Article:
If anybody asked him, he would say “yes”. But when he asked himself...well, he couldn’t give a confident answer.
His mind turned to the questions that Holly had been asking by the car. Why had he been seized by this sudden desire to give all his stuff away? Why did he suddenly feel his possessions were weighing him down? He’d been a clutterbug all his life. Why on earth would he do a complete about-turn at the age of twenty-five?
He didn’t know. That was the honest answer. And really, was it all that strange? He’d always been the kind of guy who went through crazes and phases. He’d had his photography phase, his fishing phase, his soccer phase. In his late teens he’d even had something of a Left Bank, bohemian phase. He’d been a vegetarian for six or seven months, many years ago. This decluttering was just another….thing. They had to be got through, that was all.
And what about the excitement he’d told Holly about? (He’d never say these things to anyone but Holly.) Well, that was there, too. Even before the urge to get rid of stuff. He thought it had come to him for the first time at Connolly train station, standing at the train platform, waiting to say hello to a friend arriving from the country. Just looking at the screen of arrivals and departure, at all the people coming and going, made him feel extraordinarily excited, as though he was on the brink of some great adventure. And this feeling had surprised him many times since then...looking at the wind whirling autumn leaves along the street, or watching the rumble of traffic in the morning, or seeing a pretty face in the street. He felt like there was a wind blowing behind, about to sweep him away….
All of it nonsense. Some quirk in his body chemistry, no doubt. As meaningless as his nightmares of a gunman. But there was no reason he shouldn’t enjoy these fits of exhilaration, when they came. They might even motivate him.
He walked upstairs, went into the bathroom, turned on the taps, stepped into his bedroom, grabbed a few copies of Erin’s Pride from his bedside, and within a few moments he was luxuriating in the hot water, flicking through the pages of an issue from 1995.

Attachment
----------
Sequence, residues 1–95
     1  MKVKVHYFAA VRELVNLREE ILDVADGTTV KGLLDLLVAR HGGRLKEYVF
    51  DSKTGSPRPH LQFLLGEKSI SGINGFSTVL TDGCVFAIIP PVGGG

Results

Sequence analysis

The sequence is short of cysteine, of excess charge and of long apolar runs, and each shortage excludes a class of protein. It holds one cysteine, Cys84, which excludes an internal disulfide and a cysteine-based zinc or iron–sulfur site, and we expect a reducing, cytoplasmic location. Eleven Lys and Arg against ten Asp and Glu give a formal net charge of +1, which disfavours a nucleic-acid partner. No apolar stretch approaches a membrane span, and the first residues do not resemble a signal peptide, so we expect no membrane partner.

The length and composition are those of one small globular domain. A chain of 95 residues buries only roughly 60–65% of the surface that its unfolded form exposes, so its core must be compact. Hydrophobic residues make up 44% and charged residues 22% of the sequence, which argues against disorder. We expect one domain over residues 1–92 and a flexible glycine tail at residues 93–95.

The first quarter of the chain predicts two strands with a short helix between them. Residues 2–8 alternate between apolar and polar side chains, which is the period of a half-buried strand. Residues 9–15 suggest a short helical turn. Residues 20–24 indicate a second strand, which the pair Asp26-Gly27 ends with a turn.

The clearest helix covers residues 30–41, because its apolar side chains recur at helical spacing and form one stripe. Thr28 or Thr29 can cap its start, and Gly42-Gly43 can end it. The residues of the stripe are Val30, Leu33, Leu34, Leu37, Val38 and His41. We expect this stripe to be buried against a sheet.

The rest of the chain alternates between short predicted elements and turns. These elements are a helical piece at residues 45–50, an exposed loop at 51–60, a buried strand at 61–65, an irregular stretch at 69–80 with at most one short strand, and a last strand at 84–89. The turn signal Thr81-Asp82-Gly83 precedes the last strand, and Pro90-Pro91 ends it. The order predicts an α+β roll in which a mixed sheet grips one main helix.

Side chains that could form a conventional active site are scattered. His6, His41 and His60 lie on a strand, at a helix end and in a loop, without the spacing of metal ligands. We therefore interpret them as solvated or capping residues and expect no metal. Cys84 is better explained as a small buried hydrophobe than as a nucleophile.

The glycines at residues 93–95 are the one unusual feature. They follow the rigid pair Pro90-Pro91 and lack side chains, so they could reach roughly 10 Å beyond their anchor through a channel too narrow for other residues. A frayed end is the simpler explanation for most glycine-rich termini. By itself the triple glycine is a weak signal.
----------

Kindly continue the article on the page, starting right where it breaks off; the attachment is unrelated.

Could anything beat reading in the bath? He didn’t think so. The front door and the back door were locked. He was expecting nobody, and nobody was expecting him. Nobody in the world was concerned with him right now.. No blank gazes from indifferent teenagers, slumped over their desks. No small talk from colleagues about traffic congestion, the news, or anything else. Not even the mild sense of anxiety, of being open to inspection and judgement, that he felt standing in the queue at the supermarket. He was invisible, invulnerable, deliciously safe.
He flicked through Erin’s Pride. The magazine had barely changed at all in a hundred years; short stories about chaste love affairs and harmless village eccentrics, nostalgic articles about agricultural fairs and trips to the cinema as a child, features about golden age Hollywood movies stars...this, too, made him feel deliciously safe. He didn’t like the Ireland of the present. He didn’t like gangland killings, foul-mouthed comedians, constant media attacks on priests and nuns, crass entrepreneurs treated like demi-gods…no, he didn’t like any of it….
After a few minutes, he tossed the magazine aside, laid back in the tub, closed his eyes, and began to day-dream. Images passed through his mind. An old grainy photograph of a fiddler in Erin’s Pride….the thought of the locked door….the simple beauty of a garden shed...Holly’s smile…
He had begun to doze off when he distinctly heard these words, in a low male voice: Take up your cross.
He started up in the bath, his heart pounding.
After a moment’s hesitation, he stood up, grabbed a nearby towel, wrapped it around his waist, and stepped towards the door, which was three-quarters closed. He swung it fully open, felt a wave of adrenalin wash over him, and saw…
Nothing. There was nobody in the hall.
For a moment, he wondered if someone might be downstairs, if someone might have broken in. But only for a moment. The voice had been low, almost in his ear. It had either been someone standing right beside him, or….
Or he was hearing voices. Again. Like he had when he was a teenager.
No, he thought. It was just my imagination. I was half-asleep. I was dreaming.
He stood there, his heartbeat slowly returning to normal, his rational mind gradually winning over his moment of panic. Yes, that was it. It was just a dream, the beginning of a dream. No need for panic. Absolutely no need for panic whatsoever.
He’d just finished tying the belt on his bath-robe when the doorbell rang.